Consider her. Dear, kind Casey. Picture her. Remember the last conversation you had with her.
Turn everything that you recall on its head. Now you have a true picture. My mother. Casey.
She was connected to the yearnings of everyone else—yet she blocked her own longings. Until, yes, until I came along.
I wonder if any of us can know how she loved.
Eulogies, as I understand them, are not necessarily revelations, but that was my mom, a constant revelation. She was a teacher beyond any measure. And I wish I’d paid attention to her wisdom more often.
She was remarkable both in ordinary and extraordinary ways. I think she lived her life in a series of short stories—some of them mysteries.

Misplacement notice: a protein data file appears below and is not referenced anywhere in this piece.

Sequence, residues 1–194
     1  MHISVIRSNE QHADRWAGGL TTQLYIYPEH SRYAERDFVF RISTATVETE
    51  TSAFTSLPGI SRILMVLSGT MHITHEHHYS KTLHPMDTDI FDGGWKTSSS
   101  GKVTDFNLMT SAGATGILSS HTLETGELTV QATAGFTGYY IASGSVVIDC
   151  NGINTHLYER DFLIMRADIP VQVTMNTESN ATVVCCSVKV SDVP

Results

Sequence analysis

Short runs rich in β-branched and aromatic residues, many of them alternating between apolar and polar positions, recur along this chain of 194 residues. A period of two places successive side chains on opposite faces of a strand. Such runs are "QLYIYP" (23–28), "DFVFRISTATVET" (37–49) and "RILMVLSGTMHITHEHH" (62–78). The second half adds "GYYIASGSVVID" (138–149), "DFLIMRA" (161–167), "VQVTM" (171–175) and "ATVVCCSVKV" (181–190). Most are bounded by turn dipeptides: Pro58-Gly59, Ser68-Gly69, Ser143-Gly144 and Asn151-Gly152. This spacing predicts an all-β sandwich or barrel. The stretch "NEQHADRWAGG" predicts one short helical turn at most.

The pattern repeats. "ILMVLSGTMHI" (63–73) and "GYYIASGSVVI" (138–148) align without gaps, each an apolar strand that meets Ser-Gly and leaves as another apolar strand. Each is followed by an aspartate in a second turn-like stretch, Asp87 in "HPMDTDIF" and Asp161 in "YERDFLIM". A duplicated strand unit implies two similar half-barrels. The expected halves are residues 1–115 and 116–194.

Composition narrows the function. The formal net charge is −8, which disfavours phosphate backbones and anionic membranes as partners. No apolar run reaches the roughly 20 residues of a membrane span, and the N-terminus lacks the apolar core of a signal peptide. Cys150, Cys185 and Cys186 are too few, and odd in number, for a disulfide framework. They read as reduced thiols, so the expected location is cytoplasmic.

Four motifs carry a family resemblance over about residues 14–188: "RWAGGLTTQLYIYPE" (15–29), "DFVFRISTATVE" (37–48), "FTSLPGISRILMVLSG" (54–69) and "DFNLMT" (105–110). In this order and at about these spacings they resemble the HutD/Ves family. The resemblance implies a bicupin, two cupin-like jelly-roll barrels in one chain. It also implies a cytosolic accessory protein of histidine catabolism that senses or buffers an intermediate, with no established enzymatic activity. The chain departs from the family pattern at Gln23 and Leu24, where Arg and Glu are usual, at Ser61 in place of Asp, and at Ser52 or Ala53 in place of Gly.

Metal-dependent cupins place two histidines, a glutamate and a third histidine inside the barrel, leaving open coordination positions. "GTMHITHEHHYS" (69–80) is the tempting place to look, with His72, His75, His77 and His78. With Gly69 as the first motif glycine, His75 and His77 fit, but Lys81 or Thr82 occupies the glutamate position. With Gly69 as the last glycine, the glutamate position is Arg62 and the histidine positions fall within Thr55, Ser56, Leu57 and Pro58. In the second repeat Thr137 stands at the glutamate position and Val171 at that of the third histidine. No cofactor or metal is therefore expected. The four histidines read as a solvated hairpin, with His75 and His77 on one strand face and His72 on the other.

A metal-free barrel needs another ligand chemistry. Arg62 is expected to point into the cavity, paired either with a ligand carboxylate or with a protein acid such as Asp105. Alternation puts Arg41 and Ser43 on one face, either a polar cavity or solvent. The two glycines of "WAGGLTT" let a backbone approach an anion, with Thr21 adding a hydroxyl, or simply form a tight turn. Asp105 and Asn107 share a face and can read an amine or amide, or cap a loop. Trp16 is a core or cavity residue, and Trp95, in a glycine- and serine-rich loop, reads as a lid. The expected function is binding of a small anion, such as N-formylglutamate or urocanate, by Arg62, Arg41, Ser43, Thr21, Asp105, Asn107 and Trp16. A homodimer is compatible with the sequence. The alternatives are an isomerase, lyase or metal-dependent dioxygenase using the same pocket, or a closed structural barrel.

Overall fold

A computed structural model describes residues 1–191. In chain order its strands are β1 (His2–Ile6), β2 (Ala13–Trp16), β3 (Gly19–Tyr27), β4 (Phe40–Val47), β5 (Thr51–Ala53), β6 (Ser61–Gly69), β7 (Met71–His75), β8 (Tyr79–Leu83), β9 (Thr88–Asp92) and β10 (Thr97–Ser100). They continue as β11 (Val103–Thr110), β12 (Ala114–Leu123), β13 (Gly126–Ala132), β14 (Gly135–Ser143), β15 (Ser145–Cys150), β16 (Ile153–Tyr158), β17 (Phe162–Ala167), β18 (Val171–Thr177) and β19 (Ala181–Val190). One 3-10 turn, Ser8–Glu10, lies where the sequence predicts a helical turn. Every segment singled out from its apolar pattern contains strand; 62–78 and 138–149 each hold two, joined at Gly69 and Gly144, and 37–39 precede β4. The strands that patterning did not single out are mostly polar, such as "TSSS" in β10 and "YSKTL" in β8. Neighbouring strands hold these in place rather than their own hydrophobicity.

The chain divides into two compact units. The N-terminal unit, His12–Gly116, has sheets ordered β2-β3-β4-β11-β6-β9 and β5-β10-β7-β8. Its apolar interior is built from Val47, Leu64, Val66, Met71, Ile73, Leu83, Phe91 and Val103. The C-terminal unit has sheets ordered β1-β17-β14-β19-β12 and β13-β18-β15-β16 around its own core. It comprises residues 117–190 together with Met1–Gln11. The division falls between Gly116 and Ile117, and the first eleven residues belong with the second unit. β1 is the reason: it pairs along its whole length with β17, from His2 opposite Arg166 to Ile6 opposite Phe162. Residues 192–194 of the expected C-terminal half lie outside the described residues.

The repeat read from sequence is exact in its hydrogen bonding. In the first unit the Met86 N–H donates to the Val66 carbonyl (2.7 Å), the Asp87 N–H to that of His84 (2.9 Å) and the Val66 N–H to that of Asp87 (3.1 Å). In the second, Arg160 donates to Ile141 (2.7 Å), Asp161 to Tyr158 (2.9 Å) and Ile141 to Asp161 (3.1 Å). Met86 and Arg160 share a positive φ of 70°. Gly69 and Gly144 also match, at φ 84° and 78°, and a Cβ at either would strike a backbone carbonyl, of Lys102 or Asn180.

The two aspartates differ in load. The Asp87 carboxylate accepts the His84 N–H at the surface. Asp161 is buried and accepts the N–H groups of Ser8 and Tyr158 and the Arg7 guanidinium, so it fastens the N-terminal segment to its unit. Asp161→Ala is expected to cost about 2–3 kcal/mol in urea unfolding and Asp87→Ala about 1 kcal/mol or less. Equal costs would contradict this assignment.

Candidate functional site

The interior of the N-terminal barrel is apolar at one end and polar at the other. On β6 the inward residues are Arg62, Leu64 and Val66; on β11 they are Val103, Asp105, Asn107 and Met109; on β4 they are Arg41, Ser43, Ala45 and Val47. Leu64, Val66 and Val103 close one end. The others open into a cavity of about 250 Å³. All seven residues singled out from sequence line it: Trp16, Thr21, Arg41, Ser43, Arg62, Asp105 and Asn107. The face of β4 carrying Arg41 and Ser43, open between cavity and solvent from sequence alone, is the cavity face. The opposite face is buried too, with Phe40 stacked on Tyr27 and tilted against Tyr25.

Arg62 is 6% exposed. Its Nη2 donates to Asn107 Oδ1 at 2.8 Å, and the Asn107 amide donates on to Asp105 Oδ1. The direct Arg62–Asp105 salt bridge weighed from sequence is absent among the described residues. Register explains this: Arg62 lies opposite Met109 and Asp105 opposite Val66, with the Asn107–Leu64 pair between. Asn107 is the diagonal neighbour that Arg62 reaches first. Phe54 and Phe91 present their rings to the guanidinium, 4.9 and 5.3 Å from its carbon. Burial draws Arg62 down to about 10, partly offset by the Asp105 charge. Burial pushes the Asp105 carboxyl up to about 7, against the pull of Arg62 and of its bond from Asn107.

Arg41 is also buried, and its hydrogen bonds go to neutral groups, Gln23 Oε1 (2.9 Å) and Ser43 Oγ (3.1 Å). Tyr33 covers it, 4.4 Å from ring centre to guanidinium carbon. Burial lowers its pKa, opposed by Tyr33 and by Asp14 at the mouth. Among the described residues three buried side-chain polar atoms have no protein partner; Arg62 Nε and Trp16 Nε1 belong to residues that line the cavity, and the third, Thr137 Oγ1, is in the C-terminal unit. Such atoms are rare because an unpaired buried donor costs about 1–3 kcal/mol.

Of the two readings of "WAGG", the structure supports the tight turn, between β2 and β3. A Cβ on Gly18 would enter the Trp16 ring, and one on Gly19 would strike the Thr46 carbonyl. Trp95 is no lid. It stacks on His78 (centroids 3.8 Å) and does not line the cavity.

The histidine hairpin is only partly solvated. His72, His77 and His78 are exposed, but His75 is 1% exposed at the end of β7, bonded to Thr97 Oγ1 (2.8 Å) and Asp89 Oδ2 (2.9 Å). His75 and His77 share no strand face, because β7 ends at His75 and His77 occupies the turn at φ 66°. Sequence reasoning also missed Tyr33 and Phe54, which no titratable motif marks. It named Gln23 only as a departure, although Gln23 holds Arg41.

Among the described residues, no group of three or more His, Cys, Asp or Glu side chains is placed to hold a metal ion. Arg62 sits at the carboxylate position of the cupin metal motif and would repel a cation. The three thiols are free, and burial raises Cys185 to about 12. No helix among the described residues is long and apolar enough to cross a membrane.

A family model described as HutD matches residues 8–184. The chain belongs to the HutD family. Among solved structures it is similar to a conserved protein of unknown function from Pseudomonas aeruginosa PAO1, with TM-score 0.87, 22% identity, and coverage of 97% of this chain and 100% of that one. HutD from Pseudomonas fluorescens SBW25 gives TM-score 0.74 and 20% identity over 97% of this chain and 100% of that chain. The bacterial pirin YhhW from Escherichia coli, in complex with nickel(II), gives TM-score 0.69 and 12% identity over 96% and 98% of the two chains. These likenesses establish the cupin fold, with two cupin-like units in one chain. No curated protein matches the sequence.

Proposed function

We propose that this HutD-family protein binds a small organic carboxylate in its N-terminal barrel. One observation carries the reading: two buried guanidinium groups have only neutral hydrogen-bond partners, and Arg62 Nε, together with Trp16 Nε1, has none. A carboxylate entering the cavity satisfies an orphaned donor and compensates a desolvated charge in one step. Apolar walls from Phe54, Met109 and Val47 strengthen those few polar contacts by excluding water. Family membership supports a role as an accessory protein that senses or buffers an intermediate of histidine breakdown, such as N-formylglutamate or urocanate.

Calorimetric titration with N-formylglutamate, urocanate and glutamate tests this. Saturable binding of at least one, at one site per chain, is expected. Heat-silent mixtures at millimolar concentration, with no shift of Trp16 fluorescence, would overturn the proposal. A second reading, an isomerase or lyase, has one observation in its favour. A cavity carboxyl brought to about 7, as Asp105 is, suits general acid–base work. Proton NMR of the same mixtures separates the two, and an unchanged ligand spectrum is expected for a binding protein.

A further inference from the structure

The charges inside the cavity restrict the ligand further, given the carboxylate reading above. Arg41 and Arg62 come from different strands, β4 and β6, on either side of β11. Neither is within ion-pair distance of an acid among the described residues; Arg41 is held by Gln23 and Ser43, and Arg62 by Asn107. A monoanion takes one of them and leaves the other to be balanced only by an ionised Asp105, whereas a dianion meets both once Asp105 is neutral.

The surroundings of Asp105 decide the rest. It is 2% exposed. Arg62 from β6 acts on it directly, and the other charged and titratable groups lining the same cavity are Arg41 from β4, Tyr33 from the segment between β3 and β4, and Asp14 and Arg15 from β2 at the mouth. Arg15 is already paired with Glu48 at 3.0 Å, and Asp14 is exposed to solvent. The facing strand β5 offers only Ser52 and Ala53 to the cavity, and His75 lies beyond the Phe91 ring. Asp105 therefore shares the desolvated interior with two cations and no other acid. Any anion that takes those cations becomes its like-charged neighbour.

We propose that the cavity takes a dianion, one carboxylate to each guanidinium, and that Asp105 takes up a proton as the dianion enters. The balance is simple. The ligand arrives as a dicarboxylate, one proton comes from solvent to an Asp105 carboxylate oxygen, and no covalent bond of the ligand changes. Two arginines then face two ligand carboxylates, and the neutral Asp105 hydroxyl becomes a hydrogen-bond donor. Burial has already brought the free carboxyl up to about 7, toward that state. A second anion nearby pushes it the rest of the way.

I look around here today and I see faces I only know from pictures that sat on the mantel piece, but pictures that my mother took down every so often and sat with. She’d smile as she looked at these pictures, and when I asked her why she smiled, she’d only say, “Because each of these pictures are and were part of my story.”
She was a mystery, my mother, yet she was one of the most forthright women I knew if pushed beyond what she considered to be true. Her granddaughters have inherited that quality.
My father and my mother never married. Mom in her single-minded manner turned him down each time he asked. I met him when I was ten years old.
We remained a strange family, the three of us—he coming in and out of our lives, she finding her joy and contentment in her students. Many of you are here today.
Did you know her? Did she let you know her? I am her daughter and I knew her heart, broken as it was at times. In return she knew mine. For that bond I will be ever grateful. In her way she taught me about love, and now in turn I teach my children: Brennan, Casey, Alice, and Galean.
The strength of her spirit is within all of us.